I have a ton of different influences and they change as I learn to know more and more music. The other guys feel the same way. We’re very open minded when it comes to music and genres. It’s all about the right situation for it. I love heavy metal, doom, rock, grindcore and I love pop, electronic and country. There are no rules as long as it has some kind of quality. But if I could see one band live in their prime, it would be Led Zeppelin. They’re magical and the royalty in my world.
There must’ve been some tough moments throughout your existence as a band so far?
There has to be tough moments, or else you are not challenging yourself enough. But you have to get over it and move on. It can be difficult to make something that you all feel strongly about, but it’s all worth it in the end. To make music is the most rewarding feeling of all. It is addictive.
What’s the worst/craziest thing you’ve ever done on stage?
I have no idea what the worst thing I have done on stage is. The audience will have to decide haha.
Come on, dish the dirt. Have you ever smashed an instrument in sheer anger?
No. I only play them with sheer anger.
Good answer! What would you say you’d be doing if you weren’t making music?
I have no idea. Maybe some other kind of art.
Ok. When did you first realise making music was your purpose in life?
When I was about 17. I was hugely into film making when I was a child and teenager, and played the guitar on the side. But when I heard Jimi Hendrix and AC/DC, things started to change. After high school I really started practicing a lot and tried to develop as a guitar player. I’m not a child-prodigy or one who easily learns. It’s hard work, but at the same time the most fun in the world. The passion and drive, I have always had that, but when I started making my own music in a band, things just fell into place. I know I was born to bring this music to life.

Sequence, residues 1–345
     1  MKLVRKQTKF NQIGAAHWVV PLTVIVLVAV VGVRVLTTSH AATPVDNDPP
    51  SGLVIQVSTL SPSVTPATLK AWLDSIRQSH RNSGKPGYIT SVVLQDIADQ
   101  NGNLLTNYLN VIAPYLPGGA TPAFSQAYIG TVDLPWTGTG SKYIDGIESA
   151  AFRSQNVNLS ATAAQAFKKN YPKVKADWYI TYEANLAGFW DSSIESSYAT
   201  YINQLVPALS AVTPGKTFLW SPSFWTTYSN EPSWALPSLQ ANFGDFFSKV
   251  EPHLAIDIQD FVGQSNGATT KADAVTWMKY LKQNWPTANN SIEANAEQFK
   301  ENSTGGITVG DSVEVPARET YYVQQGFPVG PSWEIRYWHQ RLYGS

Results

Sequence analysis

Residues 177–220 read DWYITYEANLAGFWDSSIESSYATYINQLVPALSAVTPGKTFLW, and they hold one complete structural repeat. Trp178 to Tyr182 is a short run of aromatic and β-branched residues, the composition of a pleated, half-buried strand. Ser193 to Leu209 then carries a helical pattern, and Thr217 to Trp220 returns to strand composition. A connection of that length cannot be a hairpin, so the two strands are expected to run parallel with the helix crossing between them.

That’s a wonderful thing. And what about the scene around you – how’s the local scene in Denmark and are there any upcoming bands you think we should keep an eye out for?
It is really good. There are a lot of good venues and people who really want the best for music. It can be difficult to see it all from an objective point of view, but these are all bands ( in very different genres) who deserve recognition: By The Patient, Helhorse, Förtress, SEA, Bersærk, Chorus Grant, Get Your Gun, Baby In Vain, MØ, Cancer, Hexis, Ajuna, Scarred By Beauty, Blaue Blume, Ruined…and there are SO many more. But that was off the top of my head.
That’s our next few weeks sorted. What’s your take on the Rock and Metal scenes right now in general? We think they’re both crying out for innovators. Where have all the singers gone???!
I think the “scene” is so big, that you can find all you are looking for. But you have to listen to a lot of shit to get to the good stuff. I think there are many great singers. Even in more contemporary metal. I think Matt Heafy is a great singer. Joe Duplantier from Gojira is great too. The guy from Sylosis is awesome. Graveyard has a really good singer and I even think Michael Poulsen from Volbeat has a very personal style too. It think there are a lot of good voices out there.
That’s why we dig The Cave & The Sunlight. Retains its ‘heavy’ but never resorts to the wracked screams and growls that renders stuff today so proposterously adolescent.
Haha I see. Well I really like the screaming vocals as well, and think they can be just as beautiful as a clean voice. But we all have different opinions of course.
Ok some quick fire Q’s to finish up. What’s been the standout Rock album from the last 10 years for you?
Crack The Skye by Mastodon.
Yes! Good shout. If you were asked to define Metal, which album would you use?
Metallica: Ride The Lightning
Another fine choice sir. What about the three best things about being in your band?
1: The fact that I get to play with both Torben and Von Larsen. 2: Our attitude towards the band, we take what we do seriously 3: We get to see a lot of beautiful places on tour
And the three worst things?
1: When we argue over something stupid on tour 2: The Farts 3: Logistics
Oh man, that does sound terrible. Well thanks again Christian and all the best, with everything
Thanks for talking to me man. Take care